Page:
Part of the summer 1943 Battle of Kursk in the Soviet Union, Prokhorovka stands out as a fearsome clash of opposing tanks and a turning point on the Eastern Front. For a long time, it was seen as a horrible defeat for Nazi Germany, in which it lost 300 to 400 of its precious, irreplaceable panzers, dealing them a blow from which the Wehrmacht could not truly recover. Indeed, the battle was a great Soviet victory, revered in Russia even today. However, new evidence has become known which, while not disputing the Soviet success, indicates German tank losses were exceptionally low, perhaps as little as three tanks, based on Luftwaffe air reconnaissance photos taken soon after the battle and discovered in an American archive.

The author of this new work has spent many years studying the Battle of Prokhorovka and conducted exhaustive research on the units and events of the engagement. In this book he sheds new lights on the action, presenting a new assessment which is in stark contrast to long-accepted narratives of the battle. The book’s assertions are well-supported by the evidence presented, and there are many photographs and aerial views of the battlefield to back the author’s claims. Even if the reader disagrees, the work presents further details and information.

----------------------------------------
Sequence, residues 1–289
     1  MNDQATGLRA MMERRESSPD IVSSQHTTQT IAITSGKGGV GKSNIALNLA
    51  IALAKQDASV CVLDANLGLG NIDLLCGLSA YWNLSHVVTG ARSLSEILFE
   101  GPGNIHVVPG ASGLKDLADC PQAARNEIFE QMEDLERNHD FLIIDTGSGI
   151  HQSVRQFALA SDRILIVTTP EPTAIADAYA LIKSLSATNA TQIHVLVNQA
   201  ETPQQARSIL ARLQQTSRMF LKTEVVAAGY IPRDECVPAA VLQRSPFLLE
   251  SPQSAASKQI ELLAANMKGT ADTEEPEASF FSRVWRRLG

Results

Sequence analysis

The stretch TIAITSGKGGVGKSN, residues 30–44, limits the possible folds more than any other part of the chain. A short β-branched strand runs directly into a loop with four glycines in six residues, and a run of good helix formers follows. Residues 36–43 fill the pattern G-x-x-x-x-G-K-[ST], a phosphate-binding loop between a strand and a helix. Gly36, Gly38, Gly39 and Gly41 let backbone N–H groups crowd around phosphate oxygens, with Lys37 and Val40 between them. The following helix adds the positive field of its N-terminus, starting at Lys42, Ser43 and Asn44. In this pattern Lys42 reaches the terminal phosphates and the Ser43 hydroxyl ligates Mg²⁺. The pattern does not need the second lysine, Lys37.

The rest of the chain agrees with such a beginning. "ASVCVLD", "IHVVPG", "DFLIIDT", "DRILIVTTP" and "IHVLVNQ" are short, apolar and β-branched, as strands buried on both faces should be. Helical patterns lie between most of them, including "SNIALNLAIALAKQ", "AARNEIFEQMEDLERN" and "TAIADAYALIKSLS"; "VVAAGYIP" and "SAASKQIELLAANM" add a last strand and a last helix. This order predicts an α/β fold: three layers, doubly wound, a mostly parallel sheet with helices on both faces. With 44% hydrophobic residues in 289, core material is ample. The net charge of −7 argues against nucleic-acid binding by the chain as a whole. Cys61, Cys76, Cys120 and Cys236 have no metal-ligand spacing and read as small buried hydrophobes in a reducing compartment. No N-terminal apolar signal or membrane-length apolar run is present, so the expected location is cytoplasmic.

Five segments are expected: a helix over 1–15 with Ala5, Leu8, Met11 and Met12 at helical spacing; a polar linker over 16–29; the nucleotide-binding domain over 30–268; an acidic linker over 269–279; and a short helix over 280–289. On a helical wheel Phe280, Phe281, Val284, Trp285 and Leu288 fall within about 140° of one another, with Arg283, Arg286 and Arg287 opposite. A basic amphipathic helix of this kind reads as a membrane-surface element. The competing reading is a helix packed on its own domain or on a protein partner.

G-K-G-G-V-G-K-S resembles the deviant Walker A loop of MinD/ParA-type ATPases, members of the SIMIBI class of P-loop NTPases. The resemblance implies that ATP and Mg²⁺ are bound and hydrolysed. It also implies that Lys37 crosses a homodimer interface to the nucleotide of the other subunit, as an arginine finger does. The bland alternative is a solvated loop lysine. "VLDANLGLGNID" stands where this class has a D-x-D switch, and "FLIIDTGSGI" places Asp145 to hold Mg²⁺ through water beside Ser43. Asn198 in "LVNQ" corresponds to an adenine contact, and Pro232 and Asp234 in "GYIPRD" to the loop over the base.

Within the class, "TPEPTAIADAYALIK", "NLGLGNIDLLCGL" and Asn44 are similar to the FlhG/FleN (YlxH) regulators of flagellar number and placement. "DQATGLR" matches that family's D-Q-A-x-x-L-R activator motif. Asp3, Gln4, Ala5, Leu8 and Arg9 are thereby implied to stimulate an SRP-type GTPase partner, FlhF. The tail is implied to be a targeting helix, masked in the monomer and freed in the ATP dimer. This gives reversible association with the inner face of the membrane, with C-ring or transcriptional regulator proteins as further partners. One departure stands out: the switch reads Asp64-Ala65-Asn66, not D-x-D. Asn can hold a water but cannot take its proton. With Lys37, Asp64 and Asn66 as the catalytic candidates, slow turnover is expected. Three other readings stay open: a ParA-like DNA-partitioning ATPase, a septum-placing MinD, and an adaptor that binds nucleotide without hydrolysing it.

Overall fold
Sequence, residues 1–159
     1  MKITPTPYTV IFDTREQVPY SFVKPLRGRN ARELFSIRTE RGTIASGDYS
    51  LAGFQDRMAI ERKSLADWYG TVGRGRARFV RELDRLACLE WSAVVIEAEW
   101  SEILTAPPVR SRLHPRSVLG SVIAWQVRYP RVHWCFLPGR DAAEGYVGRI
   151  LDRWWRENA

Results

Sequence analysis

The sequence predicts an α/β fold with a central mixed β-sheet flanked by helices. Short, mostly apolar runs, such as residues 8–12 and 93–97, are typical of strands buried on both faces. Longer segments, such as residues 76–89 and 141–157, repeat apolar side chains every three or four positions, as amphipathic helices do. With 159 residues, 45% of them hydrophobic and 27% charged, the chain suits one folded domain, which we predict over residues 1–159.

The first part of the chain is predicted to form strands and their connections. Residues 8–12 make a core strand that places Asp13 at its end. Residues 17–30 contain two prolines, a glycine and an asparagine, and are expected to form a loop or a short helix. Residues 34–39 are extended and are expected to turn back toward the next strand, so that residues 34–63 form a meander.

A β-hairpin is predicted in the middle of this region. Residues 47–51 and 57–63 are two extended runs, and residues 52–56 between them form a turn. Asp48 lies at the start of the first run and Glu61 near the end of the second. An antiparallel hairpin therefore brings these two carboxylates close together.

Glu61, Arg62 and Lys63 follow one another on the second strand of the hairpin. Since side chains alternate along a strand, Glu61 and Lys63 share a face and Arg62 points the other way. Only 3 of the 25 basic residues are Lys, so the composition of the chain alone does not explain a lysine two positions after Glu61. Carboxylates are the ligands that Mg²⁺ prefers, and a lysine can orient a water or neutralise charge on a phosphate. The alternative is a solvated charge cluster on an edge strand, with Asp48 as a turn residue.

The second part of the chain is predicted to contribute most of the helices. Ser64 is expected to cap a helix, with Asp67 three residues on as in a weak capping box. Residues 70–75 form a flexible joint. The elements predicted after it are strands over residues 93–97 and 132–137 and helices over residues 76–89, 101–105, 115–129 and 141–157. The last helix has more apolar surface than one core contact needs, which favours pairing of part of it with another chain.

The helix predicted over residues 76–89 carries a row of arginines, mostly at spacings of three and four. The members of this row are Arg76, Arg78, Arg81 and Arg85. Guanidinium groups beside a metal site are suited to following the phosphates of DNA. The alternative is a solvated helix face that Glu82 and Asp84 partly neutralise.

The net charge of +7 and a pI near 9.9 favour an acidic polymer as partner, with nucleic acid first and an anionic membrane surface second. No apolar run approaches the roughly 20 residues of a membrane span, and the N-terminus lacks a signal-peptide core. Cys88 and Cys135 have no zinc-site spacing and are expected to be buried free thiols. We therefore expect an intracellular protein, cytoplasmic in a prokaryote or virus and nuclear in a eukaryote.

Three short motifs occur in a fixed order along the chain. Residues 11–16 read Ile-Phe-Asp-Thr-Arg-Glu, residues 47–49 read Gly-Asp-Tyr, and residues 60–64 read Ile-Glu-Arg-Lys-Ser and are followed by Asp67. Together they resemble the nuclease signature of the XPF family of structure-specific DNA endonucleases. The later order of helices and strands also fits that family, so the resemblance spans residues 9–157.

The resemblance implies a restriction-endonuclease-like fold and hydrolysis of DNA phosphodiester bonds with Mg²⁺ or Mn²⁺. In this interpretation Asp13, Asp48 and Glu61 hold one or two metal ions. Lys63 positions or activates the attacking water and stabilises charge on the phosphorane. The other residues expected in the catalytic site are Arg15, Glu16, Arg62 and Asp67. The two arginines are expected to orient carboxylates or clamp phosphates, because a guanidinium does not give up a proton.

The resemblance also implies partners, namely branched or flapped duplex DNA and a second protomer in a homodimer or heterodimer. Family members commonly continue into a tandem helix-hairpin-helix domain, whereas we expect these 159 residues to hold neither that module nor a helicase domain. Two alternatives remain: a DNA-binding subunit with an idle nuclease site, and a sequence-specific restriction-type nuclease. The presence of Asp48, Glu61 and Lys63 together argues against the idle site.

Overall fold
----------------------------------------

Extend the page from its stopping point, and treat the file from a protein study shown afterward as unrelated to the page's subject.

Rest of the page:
The Panzers of Prokhorovka: The Myth of Hitler’s Greatest Armoured Defeat (Ben Wheatley, Osprey Books, Oxford UK, 2023, 316 pp., maps, photographs, notes, bibliography, index, $35, hardcover)

World War II Book Reviews for Winter 2024